Sangre de Cristo to remain the Thunderbirds for at least another year

ALAMOSAEditor’s note: This is the second of a two-part series on compliance with SB21-116. The first part was publsihed on Tuesday.

Another local school that could have been in a position to change its mascot because of the passage of SB21-116 was the Sangre de Cristo School District No. RE-22J.

Sangre de Cristo uses the Thunderbirds mascot. However, the Thunderbird is a symbol that is sacred to many native tribes.

“I understand if you look at the legislation, the emphasis is on a more derogatory term,” said Sangre superintendent James Crews. “When you look at Thunderbird, it is a mythical bird and it has some cultural stories related to the Navajos. Primarily for the northwest tribes not in Colorado. It compared to me as an Eagle or a Bear. Those are symbols of native American culture as well. The Thunderbird is not real and so that’s maybe one of the reasons why they said it needs to change. It’s not a derogatory term or anything like that. The Thunderbird image in our hallway talks about how much we respect the descriptions of why we want to be represented as the Thunderbirds.

“Because it’s tied to native American culture, the Colorado Commission of Indian Affairs (CCIA) felt like it was a symbol that needs to be changed,” Crews added.

The Thunderbirds has been the mascot for Sangre de Cristo since 1959 when the Mosca and Hooper School Districts consolidated into a single district. Mosca was previously the Wranglers and Hooper was the Bulldogs.

“The identity for our community is the Thunderbirds and we’d like to retain it if we can,” Crews said.

The Thunderbird mascot was added to the list of mascots late. In fact it was added in May catching the district by surprise.

“They passed the law in 2021 and we were not on the radar then,” Crews said. “When they determined the list of mascots, they looked at Montrose School District. They needed to change their high school which was the Indians, and their middle school which was the Braves. Then they had an elementary school with the Thunderbird name. So they added those three schools to be on the list. That kind of opened up the question of the Thunderbird. So the Montrose district presented an appeal of not wanting to change Thunderbird, so it was decided they needed to change. Once that took place, the CCIA looked at other school districts that had the Thunderbirds mascot. There were seven of us that were identified.

“When we made our presentation in May and they voted on each district and they determined that we needed to change,” Crews added. “The response was how can we change if we’re supposed to have everything changed by June 1. So because they determined us late in the game, they provided those seven districts to have an extension of a year to make those changes.”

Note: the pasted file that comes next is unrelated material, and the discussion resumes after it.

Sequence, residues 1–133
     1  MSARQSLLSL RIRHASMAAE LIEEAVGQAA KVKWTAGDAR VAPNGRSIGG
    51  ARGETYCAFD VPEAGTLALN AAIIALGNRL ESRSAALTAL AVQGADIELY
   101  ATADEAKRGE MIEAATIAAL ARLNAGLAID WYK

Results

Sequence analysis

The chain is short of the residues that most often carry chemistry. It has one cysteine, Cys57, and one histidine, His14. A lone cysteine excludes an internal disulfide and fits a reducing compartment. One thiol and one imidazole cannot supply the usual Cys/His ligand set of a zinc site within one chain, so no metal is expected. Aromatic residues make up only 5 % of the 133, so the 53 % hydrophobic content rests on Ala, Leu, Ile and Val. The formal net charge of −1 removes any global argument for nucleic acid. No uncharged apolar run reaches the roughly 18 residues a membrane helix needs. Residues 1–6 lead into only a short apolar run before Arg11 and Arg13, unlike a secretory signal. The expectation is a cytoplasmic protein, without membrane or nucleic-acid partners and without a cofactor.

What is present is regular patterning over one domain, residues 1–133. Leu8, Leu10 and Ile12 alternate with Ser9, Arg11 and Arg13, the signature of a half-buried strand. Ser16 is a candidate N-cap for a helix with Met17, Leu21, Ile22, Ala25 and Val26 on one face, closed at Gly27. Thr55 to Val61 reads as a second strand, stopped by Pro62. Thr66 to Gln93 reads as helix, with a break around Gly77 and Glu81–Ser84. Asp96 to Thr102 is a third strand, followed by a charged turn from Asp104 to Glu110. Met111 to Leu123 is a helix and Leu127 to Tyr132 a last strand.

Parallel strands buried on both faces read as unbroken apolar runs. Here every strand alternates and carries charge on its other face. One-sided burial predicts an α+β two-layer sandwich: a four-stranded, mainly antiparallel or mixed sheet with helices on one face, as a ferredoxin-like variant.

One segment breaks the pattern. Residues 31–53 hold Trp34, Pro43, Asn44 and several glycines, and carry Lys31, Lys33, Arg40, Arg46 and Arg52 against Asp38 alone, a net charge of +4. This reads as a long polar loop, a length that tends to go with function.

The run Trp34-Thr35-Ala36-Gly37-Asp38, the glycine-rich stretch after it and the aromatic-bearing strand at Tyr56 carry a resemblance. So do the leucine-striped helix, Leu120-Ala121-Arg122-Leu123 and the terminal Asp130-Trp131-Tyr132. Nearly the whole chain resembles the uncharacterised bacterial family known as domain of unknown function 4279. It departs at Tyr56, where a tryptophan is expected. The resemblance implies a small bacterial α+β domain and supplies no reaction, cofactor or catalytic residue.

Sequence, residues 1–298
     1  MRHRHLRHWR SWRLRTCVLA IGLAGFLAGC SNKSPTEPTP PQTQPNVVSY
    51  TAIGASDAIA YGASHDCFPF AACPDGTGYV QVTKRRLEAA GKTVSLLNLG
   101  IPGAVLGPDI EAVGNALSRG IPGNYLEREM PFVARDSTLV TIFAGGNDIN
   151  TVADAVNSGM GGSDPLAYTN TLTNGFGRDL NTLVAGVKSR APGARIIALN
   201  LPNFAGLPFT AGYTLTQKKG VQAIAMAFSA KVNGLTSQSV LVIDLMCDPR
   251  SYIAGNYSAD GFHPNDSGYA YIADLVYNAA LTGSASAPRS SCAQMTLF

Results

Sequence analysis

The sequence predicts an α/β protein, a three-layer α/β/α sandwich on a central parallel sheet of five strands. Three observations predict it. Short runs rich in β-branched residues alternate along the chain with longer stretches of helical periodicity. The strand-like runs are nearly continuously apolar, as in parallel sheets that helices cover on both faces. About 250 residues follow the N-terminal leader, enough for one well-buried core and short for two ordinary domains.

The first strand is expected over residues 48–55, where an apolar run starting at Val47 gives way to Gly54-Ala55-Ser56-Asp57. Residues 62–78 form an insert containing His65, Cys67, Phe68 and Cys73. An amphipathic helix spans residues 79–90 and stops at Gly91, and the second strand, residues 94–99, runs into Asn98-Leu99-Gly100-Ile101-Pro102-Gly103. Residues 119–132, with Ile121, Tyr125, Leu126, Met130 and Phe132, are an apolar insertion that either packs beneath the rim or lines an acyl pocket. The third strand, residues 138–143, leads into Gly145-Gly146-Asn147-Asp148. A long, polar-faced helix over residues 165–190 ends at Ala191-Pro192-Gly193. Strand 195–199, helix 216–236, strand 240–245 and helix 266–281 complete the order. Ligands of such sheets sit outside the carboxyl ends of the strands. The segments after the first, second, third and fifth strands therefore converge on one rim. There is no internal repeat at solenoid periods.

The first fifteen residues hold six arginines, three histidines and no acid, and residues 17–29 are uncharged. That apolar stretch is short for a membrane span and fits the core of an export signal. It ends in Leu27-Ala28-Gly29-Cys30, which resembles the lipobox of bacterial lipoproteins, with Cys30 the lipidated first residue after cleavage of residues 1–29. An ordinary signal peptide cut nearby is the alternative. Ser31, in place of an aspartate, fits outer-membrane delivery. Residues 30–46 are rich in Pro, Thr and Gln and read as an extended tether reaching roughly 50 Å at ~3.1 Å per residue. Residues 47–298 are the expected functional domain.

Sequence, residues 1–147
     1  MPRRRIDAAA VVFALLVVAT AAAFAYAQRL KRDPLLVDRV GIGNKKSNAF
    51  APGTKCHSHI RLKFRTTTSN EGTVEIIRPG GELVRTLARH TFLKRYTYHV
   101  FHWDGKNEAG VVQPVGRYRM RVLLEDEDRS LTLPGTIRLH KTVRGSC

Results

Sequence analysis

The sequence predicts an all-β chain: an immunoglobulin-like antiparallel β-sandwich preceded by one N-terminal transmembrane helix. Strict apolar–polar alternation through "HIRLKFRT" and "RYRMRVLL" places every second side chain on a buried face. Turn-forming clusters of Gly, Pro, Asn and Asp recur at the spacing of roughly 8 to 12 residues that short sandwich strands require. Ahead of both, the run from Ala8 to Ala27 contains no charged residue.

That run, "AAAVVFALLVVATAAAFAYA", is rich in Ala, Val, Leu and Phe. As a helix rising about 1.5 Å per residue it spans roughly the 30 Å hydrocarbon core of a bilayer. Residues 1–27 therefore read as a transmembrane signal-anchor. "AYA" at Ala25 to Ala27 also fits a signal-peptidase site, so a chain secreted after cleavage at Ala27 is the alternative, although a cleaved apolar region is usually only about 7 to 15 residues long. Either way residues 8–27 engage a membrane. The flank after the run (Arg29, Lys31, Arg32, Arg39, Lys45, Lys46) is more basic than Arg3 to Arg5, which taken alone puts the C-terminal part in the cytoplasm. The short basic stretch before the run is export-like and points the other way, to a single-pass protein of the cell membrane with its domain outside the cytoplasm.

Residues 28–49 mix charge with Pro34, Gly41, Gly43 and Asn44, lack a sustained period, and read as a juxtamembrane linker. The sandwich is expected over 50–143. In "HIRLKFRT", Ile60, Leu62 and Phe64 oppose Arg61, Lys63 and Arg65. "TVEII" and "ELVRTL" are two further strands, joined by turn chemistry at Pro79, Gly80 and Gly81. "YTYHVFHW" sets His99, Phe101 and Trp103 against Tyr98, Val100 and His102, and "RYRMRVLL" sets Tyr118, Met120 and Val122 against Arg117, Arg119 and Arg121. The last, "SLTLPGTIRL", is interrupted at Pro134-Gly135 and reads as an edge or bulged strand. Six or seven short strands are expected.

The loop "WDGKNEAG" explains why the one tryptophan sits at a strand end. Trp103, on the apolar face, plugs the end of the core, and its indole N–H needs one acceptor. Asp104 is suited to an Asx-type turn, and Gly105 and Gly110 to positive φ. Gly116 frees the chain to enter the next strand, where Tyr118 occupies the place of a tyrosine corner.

The penalty of not complying with the change was a fine of $25,000 per month after June 1. However because of the extension, Sangre will not have to pay any fines until June of 2023 if an agreement with a tribe and approval by the CCIA has not been determined.

“We wouldn’t have to do anything because they gave us a year extension,” Crews said.

Crews hopes to be able to continue with having the Thunderbird mascot for longer than that. The prohibition does not apply to any agreement that exists prior to June 20, 2021 between a federally recognized Indian tribe and a public school, although the tribe has the right and ability to revoke the agreement at any time. It also adds that any public school that is operated by a tribe or with the approval of a tribe and existing within the boundaries of the tribe’s reservation. The law also states that the prohibition does not apply to the ability of a tribe to create and maintain a relationship or agreement with a public school that fosters goodwill, emphasizes education and supports a curriculum that teaches native American History, and encourages a positive cultural exchange. Any such agreement may allow any mascot that is culturally affiliated with the tribe, as determined at the tribe’s governing body.

“In the legislation, there is a possibility that we could retain our name,” Crews said. “We you look at the legislation, it says that if you have that relationship, you could continue to use the mascot. If it was something that it was approved by the CCIA. When I reached out to the director of the commission, that perhaps we could continue with the Thunderbirds name. So she said yes. So I’ve reached out to a couple of tribes, but I haven’t any answers back from them. A couple of things have to take place. An approval from a tribe, and the approval from the CCIA. So that’s a couple of things that are up in the air. I’ll have some meetings with those guys in a month or two describing what my plan is. If it doesn’t work out, then we’re going to pivot towards making the change that we need to make.”

Crews said that the community and student body are in favor of keeping the Thunderbird mascot.

“The support from the community is that they’d like to see us retain the mascot if possible,” Crews said. “The feeling is kind of the same way that we were named Thunderbirds was not derogatory in any means. It was to honor the culture and to bring respect that the physical mascot represents.”


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